100 Good Reasons Against Nuclear Power

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1 100 Good Reasons Against Nuclear Power An initiative of Elektrizitätswerke Schönau # 1 11 Nuclear Fuel & Uranium Mining # & 102 Exposure Limits & Damage to Health # & Accident & Disaster Risk # & Nuclear Waste & Disposal # & 114 Climate & Electricity # Power & Profit # & 115 Freedom & Democracy # & 116 War & Peace # Energy Transition & Future 1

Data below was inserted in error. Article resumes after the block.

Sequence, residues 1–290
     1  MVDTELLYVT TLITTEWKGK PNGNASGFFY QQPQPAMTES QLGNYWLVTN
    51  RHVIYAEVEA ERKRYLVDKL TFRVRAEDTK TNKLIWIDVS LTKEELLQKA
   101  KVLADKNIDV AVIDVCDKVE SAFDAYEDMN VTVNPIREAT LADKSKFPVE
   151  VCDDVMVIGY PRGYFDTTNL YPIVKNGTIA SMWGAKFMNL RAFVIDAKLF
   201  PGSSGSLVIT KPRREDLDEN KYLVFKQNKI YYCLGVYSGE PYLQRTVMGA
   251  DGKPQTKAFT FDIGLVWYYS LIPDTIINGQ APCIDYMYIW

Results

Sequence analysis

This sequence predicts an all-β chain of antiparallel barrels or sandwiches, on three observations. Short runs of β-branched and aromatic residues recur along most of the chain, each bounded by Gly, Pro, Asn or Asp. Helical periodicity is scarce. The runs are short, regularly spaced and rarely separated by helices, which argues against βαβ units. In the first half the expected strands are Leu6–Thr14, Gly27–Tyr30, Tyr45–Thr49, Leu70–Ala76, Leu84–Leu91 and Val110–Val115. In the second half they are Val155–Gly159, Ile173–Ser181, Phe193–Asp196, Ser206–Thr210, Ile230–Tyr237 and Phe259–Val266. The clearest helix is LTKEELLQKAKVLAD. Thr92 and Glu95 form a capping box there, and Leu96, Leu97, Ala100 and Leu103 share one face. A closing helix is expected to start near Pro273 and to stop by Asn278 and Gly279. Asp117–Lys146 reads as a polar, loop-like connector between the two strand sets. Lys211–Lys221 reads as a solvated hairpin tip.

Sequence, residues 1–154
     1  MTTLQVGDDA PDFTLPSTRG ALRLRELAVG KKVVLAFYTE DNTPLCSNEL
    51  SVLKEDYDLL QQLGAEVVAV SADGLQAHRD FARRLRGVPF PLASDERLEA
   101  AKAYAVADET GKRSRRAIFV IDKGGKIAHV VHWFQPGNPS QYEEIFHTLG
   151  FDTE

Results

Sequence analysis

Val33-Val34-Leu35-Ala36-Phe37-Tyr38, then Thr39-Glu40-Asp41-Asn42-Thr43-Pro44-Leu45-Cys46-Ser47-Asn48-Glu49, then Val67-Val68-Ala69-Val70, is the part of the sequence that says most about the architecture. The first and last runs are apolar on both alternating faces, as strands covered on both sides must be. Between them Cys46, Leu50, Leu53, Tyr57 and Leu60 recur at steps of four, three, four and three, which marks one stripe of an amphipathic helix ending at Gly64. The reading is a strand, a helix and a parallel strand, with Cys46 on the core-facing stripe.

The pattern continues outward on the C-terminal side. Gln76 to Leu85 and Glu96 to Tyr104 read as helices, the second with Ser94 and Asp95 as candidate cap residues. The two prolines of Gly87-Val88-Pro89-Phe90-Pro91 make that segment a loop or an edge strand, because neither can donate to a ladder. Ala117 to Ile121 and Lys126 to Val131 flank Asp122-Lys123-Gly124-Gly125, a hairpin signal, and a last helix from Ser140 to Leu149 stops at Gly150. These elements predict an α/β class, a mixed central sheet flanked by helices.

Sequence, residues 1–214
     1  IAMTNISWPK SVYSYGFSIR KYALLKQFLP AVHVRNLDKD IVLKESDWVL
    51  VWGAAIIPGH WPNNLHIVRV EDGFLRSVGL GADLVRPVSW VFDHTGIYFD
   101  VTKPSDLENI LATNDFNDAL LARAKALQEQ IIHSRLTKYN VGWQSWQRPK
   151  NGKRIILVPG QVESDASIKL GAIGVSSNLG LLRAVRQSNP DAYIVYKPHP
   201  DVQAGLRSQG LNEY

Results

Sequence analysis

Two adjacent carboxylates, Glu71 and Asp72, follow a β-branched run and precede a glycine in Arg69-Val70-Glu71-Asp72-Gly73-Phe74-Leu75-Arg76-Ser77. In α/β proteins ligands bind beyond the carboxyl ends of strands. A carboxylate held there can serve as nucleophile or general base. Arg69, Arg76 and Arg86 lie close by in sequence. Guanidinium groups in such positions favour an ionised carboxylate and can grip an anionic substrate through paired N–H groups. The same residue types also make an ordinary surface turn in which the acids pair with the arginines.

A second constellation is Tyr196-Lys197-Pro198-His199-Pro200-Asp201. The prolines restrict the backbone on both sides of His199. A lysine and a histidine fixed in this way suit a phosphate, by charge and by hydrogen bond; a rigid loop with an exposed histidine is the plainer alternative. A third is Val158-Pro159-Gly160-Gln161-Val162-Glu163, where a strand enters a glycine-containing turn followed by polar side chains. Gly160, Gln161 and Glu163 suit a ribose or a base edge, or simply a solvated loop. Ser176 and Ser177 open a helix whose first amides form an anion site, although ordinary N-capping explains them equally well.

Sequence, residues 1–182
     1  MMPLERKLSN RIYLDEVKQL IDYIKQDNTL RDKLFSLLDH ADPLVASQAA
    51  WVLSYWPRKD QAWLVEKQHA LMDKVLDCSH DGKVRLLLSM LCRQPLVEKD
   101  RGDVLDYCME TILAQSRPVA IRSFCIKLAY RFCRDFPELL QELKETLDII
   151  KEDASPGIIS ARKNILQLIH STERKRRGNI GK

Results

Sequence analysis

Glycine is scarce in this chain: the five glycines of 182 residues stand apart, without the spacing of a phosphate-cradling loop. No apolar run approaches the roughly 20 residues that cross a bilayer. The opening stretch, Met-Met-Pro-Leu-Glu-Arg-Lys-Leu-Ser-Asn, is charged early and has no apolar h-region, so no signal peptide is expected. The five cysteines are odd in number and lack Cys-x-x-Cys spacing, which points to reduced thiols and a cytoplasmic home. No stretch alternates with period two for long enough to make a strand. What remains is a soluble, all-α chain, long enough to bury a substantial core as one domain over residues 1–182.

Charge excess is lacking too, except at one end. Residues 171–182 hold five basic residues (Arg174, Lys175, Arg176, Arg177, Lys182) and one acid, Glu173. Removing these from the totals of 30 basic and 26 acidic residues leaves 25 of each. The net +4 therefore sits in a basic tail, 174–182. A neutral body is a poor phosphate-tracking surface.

2 #1 11 Nuclear Fuel & Uranium Mining #1 Dependency All of the uranium needs to be imported. In the whole of Europe, only mines in the Czech Republic and Romania still extract small amounts of uranium. In Germany, virtually all uranium mining sites had discontinued operations by In France, the last uranium was extracted in Nuclear power is no "domestic" source of energy. Rather, it makes us heavily dependent on raw material imports and multinational groups of companies: four large mining companies control two thirds of world uranium production. #2 Evictions Uranium mining destroys the livelihoods of tens of thousands of people. About 70 per cent of the world's uranium reserves are located on lands owned by indigenous peoples. Uranium extraction destroys their villages, deprives them of their farmland and pastures and contaminates their water. In 2008, the government of Niger alone granted 122 permits to foreign investors for the mining of uranium ore in a huge area in the northern part of the country - in total disregard of the rights of the Tuareg people living in this region. Like in many other uranium fields, they are threatened with expropriation and eviction. This is also exactly what happened on 26 January 1996 in the Indian village of Chatijkocha: supported by the local police force, the mining company's bulldozers flattened huts, barns and fields without any warning to create additional space for the uranium mine. #3 Water wastage Uranium mining depletes precious potable water resources. Large amounts of water are necessary to separate the uranium from the ore; yet many uranium mining areas suffer water shortage. NamWater, the Namibian water utility, recently demonstrated that the country would be faced with an annual shortage of 54 million cubic metres of water if the proposed uranium mines in Namibia were commissioned - eleven times the resources available from the entire Omaruru river delta. The enormous water consumption of mining operations and uranium ore processing plants competes with the water needs of people, livestock and agriculture. #4 Radioactive tailings ponds Contaminated sludge created by uranium mining is hazardous to people and the environment. At a uranium proportion of 0.2 per cent, each tonne of uranium ore generates 998 kilograms of contaminated sludge, which is deposited in hollows and artificial lakes. These tailings still contain 85 per cent of the initial radioactivity of the ore - and many toxic substances such as arsenic. 2